This is a retrospective single-center and single-surgeon study.
The present study examined for preoperative parameters having the highest correlation with compensatory thoracolumbar/lumbar (TL/L) curve correction 2 years after surgery in adolescent idiopathic scoliosis (AIS) patients with Lenke type 1 curves.
Several parameters have been considered to evaluate the flexibility of compensatory TL/L curve in AIS patients with Lenke type 1 curves. However, the imaging position with the strongest correlation with postoperative spontaneous TL/L curve correction is unknown.
In total, 37 patients with AIS Lenke type 1 curves who had undergone skip pedicle screw fixation were followed for a 2-year period were enrolled.
TL/L Cobb angles measured at the standing posteroanterior view, supine position, supine position with maximum bending, supine position with traction, prone position, and prone-push position were determined before surgery. Using TL/L Cobb angles determined 2 years postoperatively, correlations between preoperative and postoperative Cobb angles were calculated for each position using the Spearman rank-correlation coefficient, linear regression analysis, and paired t tests.
Mean preoperative mean±SD TL/L Cobb angle was significantly improved from 31±9 to 13±8 degrees at the study end point. In analyses of correlations between postoperative TL/L Cobb angle and preoperative parameters, the supine position with traction was most strongly associated with TL/L curve correction rate at 2 years after surgery (r=0.72; P<0.01), with paired t tests revealing a significant mean difference of 3.1 degrees.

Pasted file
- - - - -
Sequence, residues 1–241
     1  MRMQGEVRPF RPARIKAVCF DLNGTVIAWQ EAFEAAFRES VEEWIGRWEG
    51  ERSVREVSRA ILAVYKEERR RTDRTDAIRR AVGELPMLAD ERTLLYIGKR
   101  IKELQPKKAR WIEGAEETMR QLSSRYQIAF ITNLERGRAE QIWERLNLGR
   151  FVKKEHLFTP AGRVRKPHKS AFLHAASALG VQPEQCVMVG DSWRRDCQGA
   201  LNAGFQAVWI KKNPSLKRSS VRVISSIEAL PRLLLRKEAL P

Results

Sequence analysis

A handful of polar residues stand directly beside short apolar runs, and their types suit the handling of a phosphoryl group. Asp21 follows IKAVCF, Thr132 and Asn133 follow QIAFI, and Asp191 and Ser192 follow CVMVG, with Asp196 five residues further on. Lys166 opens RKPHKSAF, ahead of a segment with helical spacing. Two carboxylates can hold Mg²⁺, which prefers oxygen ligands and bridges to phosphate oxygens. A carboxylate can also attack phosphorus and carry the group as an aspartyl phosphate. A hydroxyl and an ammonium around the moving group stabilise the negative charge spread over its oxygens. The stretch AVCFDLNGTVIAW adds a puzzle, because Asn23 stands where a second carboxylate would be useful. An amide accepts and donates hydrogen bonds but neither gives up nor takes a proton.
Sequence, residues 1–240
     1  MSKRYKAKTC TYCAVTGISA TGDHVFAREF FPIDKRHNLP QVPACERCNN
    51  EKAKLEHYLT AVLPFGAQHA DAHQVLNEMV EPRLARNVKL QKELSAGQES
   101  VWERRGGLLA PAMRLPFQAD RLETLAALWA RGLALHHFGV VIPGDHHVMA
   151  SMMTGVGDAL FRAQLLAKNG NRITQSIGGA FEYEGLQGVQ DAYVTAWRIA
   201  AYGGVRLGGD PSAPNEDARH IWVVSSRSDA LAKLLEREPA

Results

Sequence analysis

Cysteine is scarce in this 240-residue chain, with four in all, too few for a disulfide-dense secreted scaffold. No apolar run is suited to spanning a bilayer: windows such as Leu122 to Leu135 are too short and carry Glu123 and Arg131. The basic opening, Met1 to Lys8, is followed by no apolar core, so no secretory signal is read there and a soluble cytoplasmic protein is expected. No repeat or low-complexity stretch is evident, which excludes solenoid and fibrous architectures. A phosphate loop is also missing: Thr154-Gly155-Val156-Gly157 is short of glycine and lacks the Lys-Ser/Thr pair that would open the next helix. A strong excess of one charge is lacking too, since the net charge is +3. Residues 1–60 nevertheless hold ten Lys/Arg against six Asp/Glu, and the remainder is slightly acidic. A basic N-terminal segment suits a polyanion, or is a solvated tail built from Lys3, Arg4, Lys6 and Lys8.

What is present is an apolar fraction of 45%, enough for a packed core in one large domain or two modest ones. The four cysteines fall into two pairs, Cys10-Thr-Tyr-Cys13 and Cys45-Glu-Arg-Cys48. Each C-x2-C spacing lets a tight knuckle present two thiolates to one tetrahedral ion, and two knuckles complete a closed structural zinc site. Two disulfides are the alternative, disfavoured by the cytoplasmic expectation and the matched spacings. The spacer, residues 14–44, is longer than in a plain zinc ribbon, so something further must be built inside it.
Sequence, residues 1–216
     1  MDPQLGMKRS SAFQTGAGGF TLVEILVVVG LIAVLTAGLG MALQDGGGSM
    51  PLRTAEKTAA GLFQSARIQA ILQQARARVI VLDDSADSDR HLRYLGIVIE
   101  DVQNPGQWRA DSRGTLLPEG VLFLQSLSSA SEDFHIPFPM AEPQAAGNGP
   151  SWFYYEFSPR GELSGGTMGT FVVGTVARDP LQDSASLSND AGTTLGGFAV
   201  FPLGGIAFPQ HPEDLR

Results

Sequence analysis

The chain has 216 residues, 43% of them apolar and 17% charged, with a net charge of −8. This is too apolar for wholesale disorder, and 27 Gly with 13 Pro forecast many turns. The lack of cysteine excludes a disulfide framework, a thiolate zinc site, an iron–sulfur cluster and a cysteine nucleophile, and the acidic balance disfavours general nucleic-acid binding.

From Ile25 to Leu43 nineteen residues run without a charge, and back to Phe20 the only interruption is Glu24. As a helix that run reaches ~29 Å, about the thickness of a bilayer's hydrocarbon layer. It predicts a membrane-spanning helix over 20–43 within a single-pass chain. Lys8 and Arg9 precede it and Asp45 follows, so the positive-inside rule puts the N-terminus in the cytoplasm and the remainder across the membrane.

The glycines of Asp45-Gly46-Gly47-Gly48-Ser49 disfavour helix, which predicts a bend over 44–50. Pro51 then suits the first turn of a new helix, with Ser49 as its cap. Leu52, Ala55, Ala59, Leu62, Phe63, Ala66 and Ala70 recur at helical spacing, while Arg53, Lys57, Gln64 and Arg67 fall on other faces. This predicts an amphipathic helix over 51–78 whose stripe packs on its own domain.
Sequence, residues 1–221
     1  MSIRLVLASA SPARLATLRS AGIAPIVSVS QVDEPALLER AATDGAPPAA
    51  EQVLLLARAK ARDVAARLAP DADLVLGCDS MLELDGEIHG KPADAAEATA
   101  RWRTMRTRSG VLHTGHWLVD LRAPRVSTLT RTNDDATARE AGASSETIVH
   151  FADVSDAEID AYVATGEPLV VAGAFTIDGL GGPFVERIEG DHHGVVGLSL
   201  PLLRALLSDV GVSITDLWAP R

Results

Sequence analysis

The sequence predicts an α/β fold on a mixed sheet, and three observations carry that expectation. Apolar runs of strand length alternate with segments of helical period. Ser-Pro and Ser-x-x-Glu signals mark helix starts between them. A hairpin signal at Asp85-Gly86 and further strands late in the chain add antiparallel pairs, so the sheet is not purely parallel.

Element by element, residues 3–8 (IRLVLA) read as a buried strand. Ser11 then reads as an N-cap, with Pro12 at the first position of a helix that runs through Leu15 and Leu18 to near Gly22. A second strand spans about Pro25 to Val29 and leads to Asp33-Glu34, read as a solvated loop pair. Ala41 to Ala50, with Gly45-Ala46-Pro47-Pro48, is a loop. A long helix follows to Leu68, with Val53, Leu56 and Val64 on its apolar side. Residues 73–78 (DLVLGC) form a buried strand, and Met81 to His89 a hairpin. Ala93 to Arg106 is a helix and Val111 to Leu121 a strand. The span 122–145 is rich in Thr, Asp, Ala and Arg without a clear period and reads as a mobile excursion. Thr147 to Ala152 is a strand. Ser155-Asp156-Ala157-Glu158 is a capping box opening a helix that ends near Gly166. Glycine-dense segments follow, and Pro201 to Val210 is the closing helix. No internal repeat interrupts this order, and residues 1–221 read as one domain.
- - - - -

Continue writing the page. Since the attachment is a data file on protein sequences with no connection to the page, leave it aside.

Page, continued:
Preoperative Cobb angle evaluated at the supine position with traction had the strongest correlation with spontaneously corrected TL/L curve Cobb angle after selective thoracic fusion for AIS Lenke type 1 curves. Accordingly, it may be sufficient to evaluate TL/L curve correction at this position only to reduce radiation exposure and operative time.
*Department of Orthopaedic Surgery, Shinshu University School of Medicine, Asahi, Matsumoto
†Faculty of Textile Science and Technology, Shinshu University, Tokida, Ueda, Nagano, Japan
The authors declare no conflict of interest.
Reprints: Jun Takahashi, MD, Department of Orthpaedic Surgery, Shinshu University School of Medicine, 3-1-1 Asahi, Matsumoto, Nagano 390-8621, Japan (e-mail: firstname.lastname@example.org).
Received April 9, 2018
Accepted October 1, 2018